By Carol Masshardt
The Calnan name is synonymous with jewelry in South Boston, and in recent months Joe Calnan’s nephew, Carson, has opened at 705 E. Broadway. His emphasis on expert repair and using the newest technology for custom design reflects the changes in the possibilities of jewelry and his own impressive talents. He also holds the imagine of an uncle connected to the community and the people he served.
Carson Calnan Pitts grew up near Albany, NY, but he seems double rooted in South Boston, where his extended family lives. In fact, his middle name was intended as legacy for his mother’s family.
“I used to see my Uncle Joe work at the North Bennett St. School, where jewelry making was taught, and it started there. I moved here in 2007 to be closer to my grandmother, and then worked with Joe and at a mid-sized store in Chestnut Hill,” he said. Recently he had his own shop in East Boston, but long had his eye on 705 East Broadway. In a stroke of good timing and help from his mentor, Joe, he was able to seize the opportunity and rent from a familiar property owner when the storefront began available.
This may make it sound seamless and unchangeable except for a generation, but in fact the jewelry business has changed. Carson is immersed in the 3D design and printing that has changed the world in jewelry as in many things. And he does it on site.
“It used to be all metal made by hand,” explained Carson, a craftsman in thought and skill. “Now, it is really techy, and it allows for higher detail at a lower cost.” He can demonstrate the design and production done at his shop, and it is advanced and intricate. Combining expert skill with computer technology and proficiency in machinery that is available now that wasn’t previously products can be precisely rendered.
“This business is both repair and custom work. I like repair because it’s not always straightforward. There are different issues that you see, and that makes it interesting to me,” he said. Of course, he also creates striking rings, pendants, and bracelets to accommodate just the right look and fit.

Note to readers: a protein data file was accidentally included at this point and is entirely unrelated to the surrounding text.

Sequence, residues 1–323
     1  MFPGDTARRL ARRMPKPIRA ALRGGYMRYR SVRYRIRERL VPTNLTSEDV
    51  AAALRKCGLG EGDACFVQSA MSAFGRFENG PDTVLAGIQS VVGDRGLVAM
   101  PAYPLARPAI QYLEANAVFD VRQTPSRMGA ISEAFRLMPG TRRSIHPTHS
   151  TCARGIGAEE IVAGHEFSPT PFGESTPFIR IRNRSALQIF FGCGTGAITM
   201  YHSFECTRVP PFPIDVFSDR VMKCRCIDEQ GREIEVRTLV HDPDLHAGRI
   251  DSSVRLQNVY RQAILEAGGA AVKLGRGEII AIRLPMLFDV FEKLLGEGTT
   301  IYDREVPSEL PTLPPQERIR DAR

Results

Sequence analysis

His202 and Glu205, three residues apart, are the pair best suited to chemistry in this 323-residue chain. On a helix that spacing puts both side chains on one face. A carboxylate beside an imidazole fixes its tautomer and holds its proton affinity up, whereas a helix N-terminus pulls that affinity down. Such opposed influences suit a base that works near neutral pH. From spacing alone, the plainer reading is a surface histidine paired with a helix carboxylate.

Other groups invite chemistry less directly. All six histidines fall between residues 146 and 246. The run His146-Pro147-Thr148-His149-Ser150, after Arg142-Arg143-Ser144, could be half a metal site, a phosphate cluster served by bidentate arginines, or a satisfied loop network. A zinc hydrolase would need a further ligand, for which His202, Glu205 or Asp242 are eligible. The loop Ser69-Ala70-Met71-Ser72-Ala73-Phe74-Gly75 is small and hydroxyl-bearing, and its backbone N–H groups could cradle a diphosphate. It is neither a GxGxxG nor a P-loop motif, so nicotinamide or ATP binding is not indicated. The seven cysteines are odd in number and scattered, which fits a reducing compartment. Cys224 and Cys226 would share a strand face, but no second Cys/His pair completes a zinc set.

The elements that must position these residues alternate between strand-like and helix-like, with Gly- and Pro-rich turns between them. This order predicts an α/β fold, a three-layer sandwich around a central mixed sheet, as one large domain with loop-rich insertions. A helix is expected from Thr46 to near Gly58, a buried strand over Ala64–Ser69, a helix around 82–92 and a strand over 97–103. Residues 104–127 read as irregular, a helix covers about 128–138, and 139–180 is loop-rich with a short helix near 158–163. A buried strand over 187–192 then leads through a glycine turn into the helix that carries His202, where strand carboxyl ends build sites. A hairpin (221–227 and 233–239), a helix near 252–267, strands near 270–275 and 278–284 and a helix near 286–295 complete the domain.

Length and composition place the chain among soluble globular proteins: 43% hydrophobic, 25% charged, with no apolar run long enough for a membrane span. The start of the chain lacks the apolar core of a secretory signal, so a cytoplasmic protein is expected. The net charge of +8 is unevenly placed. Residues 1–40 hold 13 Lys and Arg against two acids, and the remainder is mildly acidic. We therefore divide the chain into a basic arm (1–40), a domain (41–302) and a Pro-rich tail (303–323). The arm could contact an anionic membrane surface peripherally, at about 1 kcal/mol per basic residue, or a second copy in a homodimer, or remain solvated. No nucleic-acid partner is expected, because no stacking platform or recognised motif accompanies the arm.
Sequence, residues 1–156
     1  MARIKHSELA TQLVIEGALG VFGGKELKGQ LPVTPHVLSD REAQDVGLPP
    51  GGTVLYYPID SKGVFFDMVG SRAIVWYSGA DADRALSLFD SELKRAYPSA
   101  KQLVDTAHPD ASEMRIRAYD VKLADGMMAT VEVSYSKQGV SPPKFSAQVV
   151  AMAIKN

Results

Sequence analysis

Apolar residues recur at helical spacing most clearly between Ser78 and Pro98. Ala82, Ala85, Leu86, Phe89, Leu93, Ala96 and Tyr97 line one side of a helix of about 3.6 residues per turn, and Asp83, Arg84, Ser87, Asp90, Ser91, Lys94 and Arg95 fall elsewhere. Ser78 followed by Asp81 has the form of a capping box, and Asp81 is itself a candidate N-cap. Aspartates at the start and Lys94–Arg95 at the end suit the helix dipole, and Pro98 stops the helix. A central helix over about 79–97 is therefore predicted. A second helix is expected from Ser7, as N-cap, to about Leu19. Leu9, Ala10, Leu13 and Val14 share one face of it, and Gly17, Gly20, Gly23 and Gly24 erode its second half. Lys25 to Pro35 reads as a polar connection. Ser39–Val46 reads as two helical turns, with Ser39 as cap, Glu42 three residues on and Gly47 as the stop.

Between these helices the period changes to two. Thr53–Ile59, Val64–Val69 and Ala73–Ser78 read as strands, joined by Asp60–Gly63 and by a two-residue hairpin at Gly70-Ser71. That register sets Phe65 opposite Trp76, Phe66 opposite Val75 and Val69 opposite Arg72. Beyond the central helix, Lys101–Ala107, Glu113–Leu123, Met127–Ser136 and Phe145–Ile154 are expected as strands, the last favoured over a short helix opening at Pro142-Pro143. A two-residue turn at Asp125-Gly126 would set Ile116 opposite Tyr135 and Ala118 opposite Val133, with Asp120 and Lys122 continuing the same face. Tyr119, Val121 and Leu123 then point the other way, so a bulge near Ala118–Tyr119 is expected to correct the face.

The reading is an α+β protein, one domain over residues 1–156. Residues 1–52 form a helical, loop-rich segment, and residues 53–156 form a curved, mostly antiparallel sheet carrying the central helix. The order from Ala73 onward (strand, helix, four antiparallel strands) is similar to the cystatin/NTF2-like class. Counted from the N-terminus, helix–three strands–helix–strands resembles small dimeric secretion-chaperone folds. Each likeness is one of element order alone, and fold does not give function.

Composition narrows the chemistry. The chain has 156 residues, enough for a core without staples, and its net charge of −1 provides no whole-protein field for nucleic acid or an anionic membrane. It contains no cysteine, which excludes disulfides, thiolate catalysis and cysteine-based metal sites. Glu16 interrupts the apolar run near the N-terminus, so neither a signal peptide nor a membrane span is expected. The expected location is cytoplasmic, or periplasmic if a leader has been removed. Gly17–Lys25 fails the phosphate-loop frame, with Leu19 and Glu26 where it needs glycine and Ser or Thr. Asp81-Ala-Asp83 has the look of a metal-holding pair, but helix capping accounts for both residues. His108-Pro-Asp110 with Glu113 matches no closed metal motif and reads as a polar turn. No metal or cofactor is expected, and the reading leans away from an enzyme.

A customer, Danielle, had two parts of a gold heart on gold chains repaired for herself and her best friend and came from East Boston to South Boston for Carson’s talent. She was unconflicted about traffic, etc. “It is absolutely worth it,” she said, carefully placing two perfect parts of one heart in her bag.
So, beyond the technology and absorbing manufacturing of fine jewelry, it is a small business and that isn’t easy in an online leaning environment, but Carson Calnan Pitts, isn’t deterred. “I had a broken leg this winter, and then ran into tax season, but I think it is getting there now. I work six days a week and have a goal to try to see how I can simplify things, but I am pleased with the response,” he said.
It’s not only the cabinets and impressive workbench that followed him from his uncle Joe, but a feeling about a place. “Where’s home? It is here.” he said.
“Joe knew everyone, and I loved this place as a kid, and I do now. I’m thankful for Joe, my Aunt Kirstin, and though I could have done any trade, this is the one I’m connected to,” he said.
Not a simple trade, jewelry making, and repair takes skill, patience with products and people, attention, and flexibility. Carson is not one to boast, and his love of his craft is seen more as he talks about the process than himself.
“The most satisfying is figuring out stuff I don’t know how to do,” he said. He didn’t know how to do computer design and now he can give expert demonstrations. “There is welding equipment that wasn’t made to this scale before and using that changes things once you learn how to do it,” he said.
Calnan Pitts can show you what it looks like to develop a piece of beauty or repair an old favorite in a place and craft he started loving a long time ago.
(Carol Masshardt can be reached at firstname.lastname@example.org)